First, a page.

The loyalty of the Syrian Alawis, the cohesion of vital combat units, and — perhaps most importantly — the active and very extensive aid from Russia, Iran, and Hizballah have enabled the Assad regime to stay in existence. The decision of the U.S. and the west to refrain from serious involvement and support for the rebellion is no less responsible for the regime’s survival.
Yet at the same time, the regime clearly has no realistic hope of reconquering the areas it has ceded, which amount to about half of the entirety of the territory of the country. And the evidence suggests that Iran and Hizballah’s prominence in the fight against the rebels has reached such a level that to refer to Assad’s side as the sovereign government of Syria may be outdated.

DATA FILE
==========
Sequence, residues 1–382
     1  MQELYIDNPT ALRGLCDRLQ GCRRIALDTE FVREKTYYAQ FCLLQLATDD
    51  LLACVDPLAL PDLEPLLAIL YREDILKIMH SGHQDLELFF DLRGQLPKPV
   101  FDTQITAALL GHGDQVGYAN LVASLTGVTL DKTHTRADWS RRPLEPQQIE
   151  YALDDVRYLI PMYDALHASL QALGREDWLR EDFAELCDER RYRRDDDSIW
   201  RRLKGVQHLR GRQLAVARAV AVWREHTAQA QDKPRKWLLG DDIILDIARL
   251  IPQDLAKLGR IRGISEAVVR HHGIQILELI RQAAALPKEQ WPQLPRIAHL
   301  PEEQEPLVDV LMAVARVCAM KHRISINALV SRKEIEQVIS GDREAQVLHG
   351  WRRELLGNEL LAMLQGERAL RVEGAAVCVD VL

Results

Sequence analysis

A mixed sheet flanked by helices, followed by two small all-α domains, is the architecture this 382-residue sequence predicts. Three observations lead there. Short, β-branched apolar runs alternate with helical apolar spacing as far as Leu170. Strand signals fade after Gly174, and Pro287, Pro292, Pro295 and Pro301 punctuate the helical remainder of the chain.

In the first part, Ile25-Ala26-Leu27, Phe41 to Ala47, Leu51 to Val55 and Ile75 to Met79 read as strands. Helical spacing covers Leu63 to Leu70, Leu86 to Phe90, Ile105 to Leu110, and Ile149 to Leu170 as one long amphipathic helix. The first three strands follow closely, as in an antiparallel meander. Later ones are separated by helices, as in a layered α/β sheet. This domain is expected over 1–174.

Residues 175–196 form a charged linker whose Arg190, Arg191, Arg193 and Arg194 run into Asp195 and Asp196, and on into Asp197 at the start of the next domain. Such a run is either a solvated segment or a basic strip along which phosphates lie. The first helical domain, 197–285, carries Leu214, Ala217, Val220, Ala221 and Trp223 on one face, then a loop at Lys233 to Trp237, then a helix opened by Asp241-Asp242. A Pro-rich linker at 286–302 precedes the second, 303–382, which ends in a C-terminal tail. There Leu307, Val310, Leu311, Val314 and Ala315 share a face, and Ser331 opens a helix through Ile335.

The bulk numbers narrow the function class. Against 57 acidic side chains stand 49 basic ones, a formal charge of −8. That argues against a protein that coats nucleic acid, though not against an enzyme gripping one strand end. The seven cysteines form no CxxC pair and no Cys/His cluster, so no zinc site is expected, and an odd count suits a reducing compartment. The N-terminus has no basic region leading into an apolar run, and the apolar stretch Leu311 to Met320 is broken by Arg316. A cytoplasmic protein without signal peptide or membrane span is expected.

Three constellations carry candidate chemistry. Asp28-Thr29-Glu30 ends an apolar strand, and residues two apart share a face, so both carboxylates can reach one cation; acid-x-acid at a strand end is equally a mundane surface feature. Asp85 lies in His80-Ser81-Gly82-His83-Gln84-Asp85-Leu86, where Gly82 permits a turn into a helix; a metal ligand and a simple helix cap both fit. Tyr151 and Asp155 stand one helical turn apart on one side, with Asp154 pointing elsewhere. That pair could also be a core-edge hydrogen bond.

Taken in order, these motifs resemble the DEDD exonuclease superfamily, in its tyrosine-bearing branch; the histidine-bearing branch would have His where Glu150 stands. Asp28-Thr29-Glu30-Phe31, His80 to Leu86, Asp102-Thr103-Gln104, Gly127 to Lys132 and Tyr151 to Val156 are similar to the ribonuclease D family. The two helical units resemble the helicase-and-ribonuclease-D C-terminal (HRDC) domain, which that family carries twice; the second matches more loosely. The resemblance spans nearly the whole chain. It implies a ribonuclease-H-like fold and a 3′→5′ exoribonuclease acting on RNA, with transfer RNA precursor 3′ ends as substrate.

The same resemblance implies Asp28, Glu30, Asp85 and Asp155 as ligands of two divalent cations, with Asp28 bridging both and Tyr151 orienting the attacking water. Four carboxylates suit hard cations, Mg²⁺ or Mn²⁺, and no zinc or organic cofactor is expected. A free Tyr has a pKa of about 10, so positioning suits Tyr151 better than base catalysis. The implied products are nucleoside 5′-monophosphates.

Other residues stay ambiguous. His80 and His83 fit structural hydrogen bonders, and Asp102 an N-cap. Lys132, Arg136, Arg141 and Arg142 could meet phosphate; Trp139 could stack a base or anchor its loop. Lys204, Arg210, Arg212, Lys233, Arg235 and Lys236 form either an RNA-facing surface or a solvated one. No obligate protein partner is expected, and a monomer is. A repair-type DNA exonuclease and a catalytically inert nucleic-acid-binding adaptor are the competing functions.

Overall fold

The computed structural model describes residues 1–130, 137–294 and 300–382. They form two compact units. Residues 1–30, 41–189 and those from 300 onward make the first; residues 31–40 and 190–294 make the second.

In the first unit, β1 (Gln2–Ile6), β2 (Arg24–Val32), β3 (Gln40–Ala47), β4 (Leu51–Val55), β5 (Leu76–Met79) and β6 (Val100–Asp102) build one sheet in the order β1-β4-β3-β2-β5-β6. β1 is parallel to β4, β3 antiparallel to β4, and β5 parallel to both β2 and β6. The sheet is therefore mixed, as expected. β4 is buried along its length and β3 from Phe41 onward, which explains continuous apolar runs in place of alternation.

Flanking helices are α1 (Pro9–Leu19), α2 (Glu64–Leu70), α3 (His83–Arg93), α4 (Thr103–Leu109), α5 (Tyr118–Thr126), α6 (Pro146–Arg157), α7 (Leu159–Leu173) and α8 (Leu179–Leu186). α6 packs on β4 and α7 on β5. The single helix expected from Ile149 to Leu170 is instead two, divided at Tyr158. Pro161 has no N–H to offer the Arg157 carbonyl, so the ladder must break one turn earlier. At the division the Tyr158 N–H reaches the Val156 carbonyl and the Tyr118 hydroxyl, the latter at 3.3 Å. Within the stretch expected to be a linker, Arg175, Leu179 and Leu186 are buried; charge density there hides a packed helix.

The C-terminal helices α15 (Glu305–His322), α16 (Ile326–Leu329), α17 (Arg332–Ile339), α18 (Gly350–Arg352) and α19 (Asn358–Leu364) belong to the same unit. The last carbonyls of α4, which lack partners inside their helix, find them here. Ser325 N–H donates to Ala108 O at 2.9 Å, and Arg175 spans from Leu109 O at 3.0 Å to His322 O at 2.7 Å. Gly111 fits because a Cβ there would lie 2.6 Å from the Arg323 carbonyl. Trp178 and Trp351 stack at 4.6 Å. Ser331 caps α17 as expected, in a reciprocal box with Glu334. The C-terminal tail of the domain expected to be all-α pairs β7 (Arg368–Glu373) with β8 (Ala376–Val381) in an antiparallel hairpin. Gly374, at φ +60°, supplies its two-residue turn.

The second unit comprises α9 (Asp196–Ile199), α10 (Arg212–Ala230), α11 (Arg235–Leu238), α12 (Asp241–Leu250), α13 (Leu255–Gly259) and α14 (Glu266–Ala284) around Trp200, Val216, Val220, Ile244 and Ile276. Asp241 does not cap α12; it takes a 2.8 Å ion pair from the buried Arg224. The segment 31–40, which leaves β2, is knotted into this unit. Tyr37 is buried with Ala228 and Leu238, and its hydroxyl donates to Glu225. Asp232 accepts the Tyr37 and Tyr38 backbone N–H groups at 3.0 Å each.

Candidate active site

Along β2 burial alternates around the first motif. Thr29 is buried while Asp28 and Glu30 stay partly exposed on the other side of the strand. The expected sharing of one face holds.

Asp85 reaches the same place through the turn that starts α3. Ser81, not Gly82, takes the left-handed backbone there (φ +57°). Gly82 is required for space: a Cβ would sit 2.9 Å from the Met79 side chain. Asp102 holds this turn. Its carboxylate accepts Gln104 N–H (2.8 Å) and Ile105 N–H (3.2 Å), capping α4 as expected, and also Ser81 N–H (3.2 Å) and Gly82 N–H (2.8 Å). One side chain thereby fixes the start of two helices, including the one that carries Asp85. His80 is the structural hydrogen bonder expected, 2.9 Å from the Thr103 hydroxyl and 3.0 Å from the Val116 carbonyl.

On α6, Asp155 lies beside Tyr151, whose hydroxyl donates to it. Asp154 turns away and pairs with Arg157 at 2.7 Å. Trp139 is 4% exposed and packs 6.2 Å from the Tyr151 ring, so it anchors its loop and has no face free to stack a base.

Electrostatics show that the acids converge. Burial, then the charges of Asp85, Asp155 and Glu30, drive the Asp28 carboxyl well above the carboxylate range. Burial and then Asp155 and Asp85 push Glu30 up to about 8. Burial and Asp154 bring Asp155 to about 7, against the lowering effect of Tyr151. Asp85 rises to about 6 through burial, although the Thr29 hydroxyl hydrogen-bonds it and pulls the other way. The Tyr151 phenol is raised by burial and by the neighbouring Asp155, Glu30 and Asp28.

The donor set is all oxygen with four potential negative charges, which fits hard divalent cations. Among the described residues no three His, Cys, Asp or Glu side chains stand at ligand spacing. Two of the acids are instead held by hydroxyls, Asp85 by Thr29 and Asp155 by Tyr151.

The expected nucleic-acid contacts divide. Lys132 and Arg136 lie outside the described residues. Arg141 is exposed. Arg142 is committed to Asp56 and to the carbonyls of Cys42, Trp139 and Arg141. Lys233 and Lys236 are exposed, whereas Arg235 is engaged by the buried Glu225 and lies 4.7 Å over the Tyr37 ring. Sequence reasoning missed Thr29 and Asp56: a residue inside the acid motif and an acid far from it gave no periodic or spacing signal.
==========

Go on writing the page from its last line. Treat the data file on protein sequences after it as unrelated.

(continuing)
It may be more accurate to now see the Assad regime as in a process of transforming into merely the best-armed and best-supported militia in a war (or series of wars) being fought over the ruins of Syria. With much of its infrastructure in ruins, and around 70,000 of its people killed, Syria is today a failed state, a geographical rather than a political designation.
The central dividing line of this conflict remains between the mainly rural Sunni Arab rebellion supported by Sunni regional powers such as Qatar, Saudi Arabia, and Turkey, and the mainly non-Sunni (Alawi, with Shia and Christian support) element gathered around the civil and military infrastructure that once ruled Syria, now supported and maintained by Iran, Russia and their allies and proxies.
There is no reason to believe that this war is anywhere close to conclusion.